harold henry "pee wee" reese passed away on august 14, 1999 at the age of 81. the dodgers quickly added a memorial patch to their uniforms, to be worn for the remainder of the season. the patch, seen below
included the nickname "pee wee" and his retired jersey number, 1.
because it was relatively late in the season, examples of the patch on 2000 cards are fairly limited. here's a 2000 upper deck mvp eric gagne card that shows the patch
it was placed on the left sleeve, above the dodger heroes patch worn by each player. pee wee was included in the hero patch series, but i do not have a card of mark grudzielanek (who wore the reese hero patch) showing both patches.
this 2000 upper deck victory jeff shaw card
gives us another look at the memorial patch, including a close-up in the inset photo.
the patch is also visible on adrian beltre's 2000 fleer focus card
and the only other card i have that shows the patch is this 2000 pacific dodgers diamond leaders card
there's grudzielanek, but it's eric karros who is displaying the patch. if only this getty images photo of chan ho park had found its way onto a card...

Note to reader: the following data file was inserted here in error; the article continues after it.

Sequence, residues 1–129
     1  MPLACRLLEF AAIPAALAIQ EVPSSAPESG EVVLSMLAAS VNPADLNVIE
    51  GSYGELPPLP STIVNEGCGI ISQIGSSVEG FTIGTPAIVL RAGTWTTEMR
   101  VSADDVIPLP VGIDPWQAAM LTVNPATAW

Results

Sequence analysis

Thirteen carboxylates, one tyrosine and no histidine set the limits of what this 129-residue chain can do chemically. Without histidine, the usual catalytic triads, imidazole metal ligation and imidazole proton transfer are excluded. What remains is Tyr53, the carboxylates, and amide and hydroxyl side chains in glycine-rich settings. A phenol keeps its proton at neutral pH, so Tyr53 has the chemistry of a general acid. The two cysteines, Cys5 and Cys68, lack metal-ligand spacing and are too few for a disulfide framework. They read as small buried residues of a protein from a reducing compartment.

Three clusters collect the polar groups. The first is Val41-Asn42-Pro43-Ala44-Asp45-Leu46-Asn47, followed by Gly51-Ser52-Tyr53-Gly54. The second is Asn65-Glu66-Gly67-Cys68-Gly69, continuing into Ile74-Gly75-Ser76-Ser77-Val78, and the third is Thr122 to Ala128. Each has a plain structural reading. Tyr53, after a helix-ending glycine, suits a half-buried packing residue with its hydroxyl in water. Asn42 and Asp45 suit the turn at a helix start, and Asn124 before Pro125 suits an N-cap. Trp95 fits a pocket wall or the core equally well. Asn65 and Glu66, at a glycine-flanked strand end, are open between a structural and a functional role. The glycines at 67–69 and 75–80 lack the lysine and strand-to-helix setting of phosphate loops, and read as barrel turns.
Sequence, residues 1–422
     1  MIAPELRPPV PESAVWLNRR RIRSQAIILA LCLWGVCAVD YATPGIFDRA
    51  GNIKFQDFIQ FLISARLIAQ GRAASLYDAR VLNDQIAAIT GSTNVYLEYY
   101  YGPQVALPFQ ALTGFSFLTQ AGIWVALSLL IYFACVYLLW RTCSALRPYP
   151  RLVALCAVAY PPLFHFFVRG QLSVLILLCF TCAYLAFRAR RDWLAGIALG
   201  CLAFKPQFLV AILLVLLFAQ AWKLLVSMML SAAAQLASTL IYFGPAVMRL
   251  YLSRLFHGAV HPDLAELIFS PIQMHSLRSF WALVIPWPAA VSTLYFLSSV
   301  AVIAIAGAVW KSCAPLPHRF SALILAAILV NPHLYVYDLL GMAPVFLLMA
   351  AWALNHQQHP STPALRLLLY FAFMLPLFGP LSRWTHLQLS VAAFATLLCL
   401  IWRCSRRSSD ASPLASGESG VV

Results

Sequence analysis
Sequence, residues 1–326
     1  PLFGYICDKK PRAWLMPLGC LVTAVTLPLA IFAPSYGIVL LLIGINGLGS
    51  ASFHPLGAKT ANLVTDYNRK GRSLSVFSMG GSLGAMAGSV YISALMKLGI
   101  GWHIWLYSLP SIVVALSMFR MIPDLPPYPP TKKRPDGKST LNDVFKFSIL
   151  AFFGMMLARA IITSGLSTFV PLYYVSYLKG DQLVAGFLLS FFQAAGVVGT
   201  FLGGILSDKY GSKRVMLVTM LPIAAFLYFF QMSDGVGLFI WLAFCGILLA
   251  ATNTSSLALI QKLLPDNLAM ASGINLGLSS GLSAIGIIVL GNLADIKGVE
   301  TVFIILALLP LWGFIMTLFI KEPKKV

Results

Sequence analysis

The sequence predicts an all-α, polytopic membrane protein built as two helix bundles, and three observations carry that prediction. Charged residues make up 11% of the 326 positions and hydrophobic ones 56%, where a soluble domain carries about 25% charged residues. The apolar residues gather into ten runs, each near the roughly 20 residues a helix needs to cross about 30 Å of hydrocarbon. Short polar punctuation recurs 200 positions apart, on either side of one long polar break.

for the record, i have both the gagne and the diamond leaders card in my memorials binder. i couldn't choose between the two, so they are both in there.
here are a couple of cards of pee wee himself, a 1992 ziploc card,
and a 2003 mlb showdown
reese was the captain of the dodger teams of the 1950's, but he made his debut in 1940. the following season, he became the dodgers' regular shortstop, and he helped the club win the pennant for the first time since 1920. that marked the first of seven world series in which reese would play over the course of his career. the dodgers faced the yankees in all of them, and won only the 1955 contest.
reese moved west with the dodgers in 1958, and was the starting shortstop for the los angeles dodgers' first game. he played in only 58 more games that year, however, in what would be his last big league season. reese was a 10-time all-star with 8 top ten mvp finishes over his 16-year career that spanned 19 years (3 seasons were lost to military service during world war ii). he finished with 2170 hits and 1210 walks for an on-base percentage of .366. although he later lamented the number of bases on balls he took ("if i had my career to play over, one thing i'd do differently is swing more. those 1200 walks i got…nobody remembers them."), his 1210 walks were within the top 15 career leaders at the time of his retirement and greatly contributed to his having scored as many runs as he did (1338) during his career. in 1984, reese was inducted into the hall of fame, and the dodgers retired his jersey as they do for their hall of fame players.